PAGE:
Actors We Want To See In A Green Lantern Remake

In 2011, the silver screen debut of Green Lantern landed like a thud instead of soaring like a triumph. The film was dismissed both by critics and wider audiences; one of the more positive reviews was Roger Ebert's middling praise, "['Green Lantern'] intends to be a sound-and-light show, assaulting the audience with sensational special effects. If that's what you want, that's what you get."

Time hasn't been any kinder to "Green Lantern." Star Ryan Reynolds has poked fun at it in both of his subsequent "Deadpool" movies. "Green Lantern" was conceived as the beginning of a larger DC Comics film franchise, meant to rival the Marvel Cinematic Universe. Instead, its hero has been persona non grata on film since. Green Lantern is usually a staple of the Justice League but in both versions of that film, the only Lantern who showed up was a cameo.

There have been attempts at a second shot, though. In 2014, Warner Bros. announced "Green Lantern Corps" as one of the DC films they were developing, set for release in 2020. Obviously, it didn't make that date and the project's prospects look slimmer every year. There is also currently a "Green Lantern" TV series in development at HBO Max, featuring comic Lanterns Alan Scott (Jeremy Irvine) and Guy Gardner (Finn Wittrock). While still "very much alive," its release seems a ways off.

Overall, it seems that Warner Bros hasn't given up on "Green Lantern." Between how chaotic the management of their DC films has been and the black mark of the 2011 film, though, the character hasn't been enough of a priority to break through.

If it is just a matter of time until Green Lantern returns to the big screen, then these are the actors we would like to see star.

Glen Powell as Hal Jordan

The most famous Green Lantern of them all, Hal Jordan, was the star of the last ill-fated "Green Lantern" movie. Retreading his origin story or making him the centerpiece, not just one player in the ensemble of the Green Lantern Corps, would be a bad idea. However, he's too vital to leave out entirely.

When he's not patrolling space Sector 2814, Hal is a test pilot for Ferris Aircraft (callsign Highball). He's got All-American good looks — his design was literally modeled after Paul Newman, who had been a neighbor of Hal's co-creator Gil Kane. Hal is cocky, but not in the same manner as Ryan Reynolds' trademark wink-wink smarm; that's one reason the casting went wrong last time. If anything, he should be more foolhardy. You can't wield a Green Lantern ring without courage and that's something Hal has in abundant, maybe too abundant, supply.

The obvious candidate is Glen Powell. He has the face for it and his previous roles are apiece with Hal. He played the astronaut John Glenn in 2016's "Hidden Figures" before gaining greater attention as Jake "Hangman" Seresin in "Top Gun: Maverick."  Between "Maverick" and the upcoming "Devotion," Powell is cornering the market on jet pilot characters. Playing Hal Jordan would knock off one more entry on that bucket list. If he can play Hangman, he can play Highball.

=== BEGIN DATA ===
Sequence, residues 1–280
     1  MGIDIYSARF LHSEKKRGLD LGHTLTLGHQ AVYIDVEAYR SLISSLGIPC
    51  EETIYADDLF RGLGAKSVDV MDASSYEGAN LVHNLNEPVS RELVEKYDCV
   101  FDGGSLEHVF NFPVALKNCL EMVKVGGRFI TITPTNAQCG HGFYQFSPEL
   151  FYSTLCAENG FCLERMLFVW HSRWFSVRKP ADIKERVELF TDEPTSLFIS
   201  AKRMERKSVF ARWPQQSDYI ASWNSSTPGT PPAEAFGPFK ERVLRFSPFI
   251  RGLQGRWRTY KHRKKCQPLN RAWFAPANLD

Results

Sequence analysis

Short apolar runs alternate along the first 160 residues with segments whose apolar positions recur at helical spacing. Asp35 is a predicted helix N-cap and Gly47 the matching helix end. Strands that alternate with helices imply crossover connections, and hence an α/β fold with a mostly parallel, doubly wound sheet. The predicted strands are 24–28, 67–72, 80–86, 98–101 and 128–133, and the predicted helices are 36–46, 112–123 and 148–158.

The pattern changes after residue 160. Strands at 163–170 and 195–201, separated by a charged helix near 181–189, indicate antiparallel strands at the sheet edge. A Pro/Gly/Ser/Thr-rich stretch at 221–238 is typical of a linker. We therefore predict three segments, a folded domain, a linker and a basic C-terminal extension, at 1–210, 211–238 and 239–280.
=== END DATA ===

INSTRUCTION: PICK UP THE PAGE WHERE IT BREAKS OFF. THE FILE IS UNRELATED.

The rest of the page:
Ricky Whittle as John Stewart

The next Green Lantern who should appear is John Stewart. John has been a Green Lantern since the 1970s, and was one of the first Black superheroes, to boot. However, he's enjoyed greater fame in the 21st century thanks to his starring role in the 2000s "Justice League" cartoon. A performance by Phil LaMarr and his star-crossed romance with Hawkgirl made the DC Animated Universe Stewart into a fan-favorite. It shouldn't be hard to do the same for the DCEU version.

Far from a "Daily Show" host, Stewart is a veteran of the U.S. Marines and a strait-laced man. Pair him with the more sarcastic Hal in an intergalactic buddy cop movie and the script will write itself.

Stewart has almost made it to live-action twice. David Ramsey played a character named "John Diggle" in "Arrow," who was slowly revealed to be a version of Stewart, culminating in him receiving a Green Lantern ring in the finale. Wayne T. Carr also filmed a scrapped scene as Stewart for "Zack Snyder's Justice League."

Who can pull off the third time's the charm? Ricky Whittle. The actor has volunteered himself for the part and those who've seen him as Shadow Moon in "American Gods" know he's a capable leading man.

Jenna Ortega as Jessica Cruz

Jessica Cruz is a recent addition to "Green Lantern." She debuted in 2014, co-created by prolific DC writer Geoff Johns and the artists Doug Mahnke, Ivan Reis, and Ethan Van Sciver. This played into her characterization; Jessica was a rookie Green Lantern not used to the responsibilities of being a superhero. As she fought more and more cosmic threats, though, her pluckiness turned to courage.

This means that Jessica would make a strong POV character for a "Green Lantern" film, being introduced to the Corps alongside the audience. For the role, there's no one else but Jenna Ortega.